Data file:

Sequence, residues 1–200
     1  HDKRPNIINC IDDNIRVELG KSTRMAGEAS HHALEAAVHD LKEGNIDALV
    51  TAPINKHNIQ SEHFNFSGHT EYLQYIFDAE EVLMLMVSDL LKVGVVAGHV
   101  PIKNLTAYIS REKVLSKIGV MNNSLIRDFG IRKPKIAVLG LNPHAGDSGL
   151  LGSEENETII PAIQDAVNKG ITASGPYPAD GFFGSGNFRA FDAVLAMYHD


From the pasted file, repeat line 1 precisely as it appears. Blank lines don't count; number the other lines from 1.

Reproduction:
Sequence, residues 1–200